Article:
January 28, 2011

American Exceptionalism again

This time, it is John Boehner criticizing Obama for not using the words, because as he says "you can't get the left to talk about it."

Here is how he defines American Exceptionalism:
We are different than the rest of the world. Why? Because Americans have -- the country was built on an idea that ordinary people could decide what their government looked like and ordinary people could elect their own leaders.
He adds to that the fact that our economy is still 20 times bigger than China proves that we are exceptional.

I guess we have to decide a few things. A) is Boehner's description of the founding accurate? And B) are we the only nation to have those ideals?

As for A, I think this is a very interesting historical question, and one that Gordon Wood answered, or attempted to answer in his magisterial "Creation of the American Republic" and "The Radicalism of the American Revolution." Because this is not an easy argument to make. For one, the founders most explicitly did not think that ordinary people should even vote--certainly not anyone of color, female, or anyone who didn't own enough property. But as Wood points out, the language of equality is there in the language of Republicanism and the Declaration, and the founders who believed in the elite, found it increasingly difficult to keep the masses from actually acting on the language of equality.

So I don't think it is a simple thing to reject, but his take is, much like Palin and Bachmann, very overly simplified and lacking the nuance of the actual history.

The second question, I think, bothers me even more. Because Boehner assumes, as do many conservatives that we have greater opportunity in this country. The fact that upward mobility is higher in many other western democracies than it is here seems to completely pass them by. And that is my beef with Boehner and Palin and the rest when they do this. It is blind jingoism that misses where we are not as good as some other countries in key areas. It stops us from really addressing and making our system work.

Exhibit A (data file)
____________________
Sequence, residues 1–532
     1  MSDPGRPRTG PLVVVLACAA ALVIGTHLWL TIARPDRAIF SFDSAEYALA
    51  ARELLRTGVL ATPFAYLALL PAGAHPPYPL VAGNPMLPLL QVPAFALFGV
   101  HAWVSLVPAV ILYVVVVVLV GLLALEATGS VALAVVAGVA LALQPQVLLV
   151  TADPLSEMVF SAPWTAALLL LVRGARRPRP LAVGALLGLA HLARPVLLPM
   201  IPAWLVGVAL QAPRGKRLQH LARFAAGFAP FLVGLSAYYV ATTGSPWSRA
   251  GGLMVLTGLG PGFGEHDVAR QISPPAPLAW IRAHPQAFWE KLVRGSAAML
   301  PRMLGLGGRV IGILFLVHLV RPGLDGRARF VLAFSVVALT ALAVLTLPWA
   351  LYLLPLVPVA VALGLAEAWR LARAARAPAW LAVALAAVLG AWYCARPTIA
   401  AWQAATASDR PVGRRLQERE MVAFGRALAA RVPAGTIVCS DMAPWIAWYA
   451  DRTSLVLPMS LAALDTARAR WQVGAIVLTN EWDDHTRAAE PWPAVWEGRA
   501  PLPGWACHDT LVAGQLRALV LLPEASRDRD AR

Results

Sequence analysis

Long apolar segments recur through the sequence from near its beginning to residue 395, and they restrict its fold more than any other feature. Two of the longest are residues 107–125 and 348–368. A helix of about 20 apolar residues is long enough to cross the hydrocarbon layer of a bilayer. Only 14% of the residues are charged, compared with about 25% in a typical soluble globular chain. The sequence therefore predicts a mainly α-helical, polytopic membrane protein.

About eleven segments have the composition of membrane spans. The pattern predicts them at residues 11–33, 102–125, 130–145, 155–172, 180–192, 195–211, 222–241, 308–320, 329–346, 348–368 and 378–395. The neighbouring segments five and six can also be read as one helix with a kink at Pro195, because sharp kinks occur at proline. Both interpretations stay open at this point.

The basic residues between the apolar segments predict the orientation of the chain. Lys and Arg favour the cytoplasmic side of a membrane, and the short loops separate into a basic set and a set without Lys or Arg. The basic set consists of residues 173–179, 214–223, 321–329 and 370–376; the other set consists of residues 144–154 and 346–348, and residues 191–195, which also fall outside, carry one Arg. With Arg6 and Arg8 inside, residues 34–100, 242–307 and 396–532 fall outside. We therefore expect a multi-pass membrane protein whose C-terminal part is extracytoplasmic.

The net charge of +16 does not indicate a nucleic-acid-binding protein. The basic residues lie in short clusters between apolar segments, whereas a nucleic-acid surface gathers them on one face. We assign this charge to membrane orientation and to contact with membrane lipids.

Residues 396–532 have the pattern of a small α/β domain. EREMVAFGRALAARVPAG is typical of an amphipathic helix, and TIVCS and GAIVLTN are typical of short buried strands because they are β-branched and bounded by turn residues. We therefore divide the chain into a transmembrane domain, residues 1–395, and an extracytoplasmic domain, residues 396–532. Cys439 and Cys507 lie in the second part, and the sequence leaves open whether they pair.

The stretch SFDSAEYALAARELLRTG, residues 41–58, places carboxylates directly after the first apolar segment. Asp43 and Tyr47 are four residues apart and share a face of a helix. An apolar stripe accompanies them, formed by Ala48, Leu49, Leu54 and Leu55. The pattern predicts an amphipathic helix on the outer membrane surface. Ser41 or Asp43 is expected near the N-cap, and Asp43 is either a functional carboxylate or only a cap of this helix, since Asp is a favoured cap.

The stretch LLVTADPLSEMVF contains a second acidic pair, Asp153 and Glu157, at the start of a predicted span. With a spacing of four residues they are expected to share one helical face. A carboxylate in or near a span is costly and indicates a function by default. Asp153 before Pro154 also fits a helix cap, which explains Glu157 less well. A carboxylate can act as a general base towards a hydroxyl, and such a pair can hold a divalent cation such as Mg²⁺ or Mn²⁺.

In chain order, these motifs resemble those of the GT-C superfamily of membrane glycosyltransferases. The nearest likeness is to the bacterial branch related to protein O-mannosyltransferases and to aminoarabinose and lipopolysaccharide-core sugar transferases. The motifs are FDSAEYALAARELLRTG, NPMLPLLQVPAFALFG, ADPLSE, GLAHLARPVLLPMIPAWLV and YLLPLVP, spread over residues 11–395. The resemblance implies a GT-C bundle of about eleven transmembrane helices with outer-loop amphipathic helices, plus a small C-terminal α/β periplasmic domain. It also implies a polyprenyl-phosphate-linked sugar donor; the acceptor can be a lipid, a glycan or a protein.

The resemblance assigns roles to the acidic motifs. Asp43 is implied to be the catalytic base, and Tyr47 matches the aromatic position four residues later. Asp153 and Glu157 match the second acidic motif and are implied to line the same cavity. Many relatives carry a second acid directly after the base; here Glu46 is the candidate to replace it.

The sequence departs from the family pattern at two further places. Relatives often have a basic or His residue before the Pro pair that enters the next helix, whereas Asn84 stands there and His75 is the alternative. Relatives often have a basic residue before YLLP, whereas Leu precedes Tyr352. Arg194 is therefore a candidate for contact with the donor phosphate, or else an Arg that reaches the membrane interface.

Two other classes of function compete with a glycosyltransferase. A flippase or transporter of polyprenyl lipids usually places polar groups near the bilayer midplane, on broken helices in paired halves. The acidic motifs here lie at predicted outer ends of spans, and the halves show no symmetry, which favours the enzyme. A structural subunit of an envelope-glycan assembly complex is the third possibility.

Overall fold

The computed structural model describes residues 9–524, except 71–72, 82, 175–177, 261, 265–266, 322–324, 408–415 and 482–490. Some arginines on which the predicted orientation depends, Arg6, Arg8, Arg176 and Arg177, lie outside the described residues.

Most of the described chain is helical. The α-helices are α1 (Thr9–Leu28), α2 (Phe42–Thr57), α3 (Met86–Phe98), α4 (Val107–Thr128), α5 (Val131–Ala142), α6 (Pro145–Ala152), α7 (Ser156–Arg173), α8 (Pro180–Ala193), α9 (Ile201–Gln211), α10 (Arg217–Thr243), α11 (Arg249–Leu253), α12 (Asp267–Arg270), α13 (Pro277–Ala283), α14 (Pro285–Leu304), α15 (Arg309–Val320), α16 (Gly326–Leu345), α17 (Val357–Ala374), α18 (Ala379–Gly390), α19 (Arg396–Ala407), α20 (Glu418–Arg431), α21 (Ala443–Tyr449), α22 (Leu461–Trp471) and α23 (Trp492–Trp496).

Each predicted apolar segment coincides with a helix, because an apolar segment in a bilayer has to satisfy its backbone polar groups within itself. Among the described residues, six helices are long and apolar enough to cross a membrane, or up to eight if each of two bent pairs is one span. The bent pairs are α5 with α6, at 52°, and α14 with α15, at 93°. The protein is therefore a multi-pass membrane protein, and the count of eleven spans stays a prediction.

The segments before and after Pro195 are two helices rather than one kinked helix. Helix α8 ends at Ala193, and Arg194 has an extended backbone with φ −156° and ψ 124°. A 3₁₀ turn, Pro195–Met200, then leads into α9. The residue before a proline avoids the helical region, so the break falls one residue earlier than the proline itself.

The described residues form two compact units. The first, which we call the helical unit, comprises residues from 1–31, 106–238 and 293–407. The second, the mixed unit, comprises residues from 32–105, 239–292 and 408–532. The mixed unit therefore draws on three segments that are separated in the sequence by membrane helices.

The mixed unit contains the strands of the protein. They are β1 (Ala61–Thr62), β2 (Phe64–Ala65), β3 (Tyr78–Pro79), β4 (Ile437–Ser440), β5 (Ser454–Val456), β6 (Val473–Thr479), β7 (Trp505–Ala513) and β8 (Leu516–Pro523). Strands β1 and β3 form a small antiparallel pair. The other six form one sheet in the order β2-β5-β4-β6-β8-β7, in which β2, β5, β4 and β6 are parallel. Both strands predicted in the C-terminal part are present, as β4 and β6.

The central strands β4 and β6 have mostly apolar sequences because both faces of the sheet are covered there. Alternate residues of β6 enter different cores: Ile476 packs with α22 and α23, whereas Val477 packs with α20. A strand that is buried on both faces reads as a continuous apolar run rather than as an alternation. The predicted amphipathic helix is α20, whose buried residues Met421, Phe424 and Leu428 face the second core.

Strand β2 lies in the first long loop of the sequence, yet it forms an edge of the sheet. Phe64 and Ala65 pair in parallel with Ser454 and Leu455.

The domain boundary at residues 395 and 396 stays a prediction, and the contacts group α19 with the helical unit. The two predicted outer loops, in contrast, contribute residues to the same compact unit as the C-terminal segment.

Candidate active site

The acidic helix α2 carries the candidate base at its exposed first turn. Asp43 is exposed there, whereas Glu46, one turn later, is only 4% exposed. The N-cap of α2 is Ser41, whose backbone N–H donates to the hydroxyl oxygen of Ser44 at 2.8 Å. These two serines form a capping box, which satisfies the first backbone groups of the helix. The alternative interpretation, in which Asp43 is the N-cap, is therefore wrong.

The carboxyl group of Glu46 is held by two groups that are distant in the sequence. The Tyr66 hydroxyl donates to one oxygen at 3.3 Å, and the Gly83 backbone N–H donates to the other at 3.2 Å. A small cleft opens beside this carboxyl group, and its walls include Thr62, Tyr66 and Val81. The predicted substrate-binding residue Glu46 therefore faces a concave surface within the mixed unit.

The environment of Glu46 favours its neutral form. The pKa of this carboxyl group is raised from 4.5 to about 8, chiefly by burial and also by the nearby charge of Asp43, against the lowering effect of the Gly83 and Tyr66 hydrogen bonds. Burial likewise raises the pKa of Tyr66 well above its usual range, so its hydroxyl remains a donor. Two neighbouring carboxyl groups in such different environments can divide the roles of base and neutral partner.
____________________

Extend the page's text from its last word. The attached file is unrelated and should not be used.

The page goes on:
Anyway, I welcome anyone's contribution to this.


leighton said...

I mentioned in my FB reply that I think this is probably trying to set up "American exceptionalism" as meaning two completely different things, but I didn't mention that it is likely part of the politics of provocation. When people on the left respond "Of course I don't think American exceptionalism is a good idea, you f'n jackass, we need to abide by our agreements with other countries," the Republican base and indecisive voters (who never absorbed the term's first definition) will hear only the first part and have their belief that liberals hate America confirmed.

Streak said...

Ok, this makes more sense to me, Leighton. I thought in your FB post, you were suggesting a purposeful con, of sorts. I really think that most people have never asked themselves the question "what is American exceptionalism." They just hear exceptional and it plays into their sense of patriotism.

leighton said...

Well, I do think it is more likely to be an intentional con than an honest miscommunication. But I wasn't precise on whether the con is for the sake of electioneering, or indicative of actual malice toward other countries. And the latter may be implausible; I don't get the sense that Boehner is a Dick Cheney or a Bill Kristol.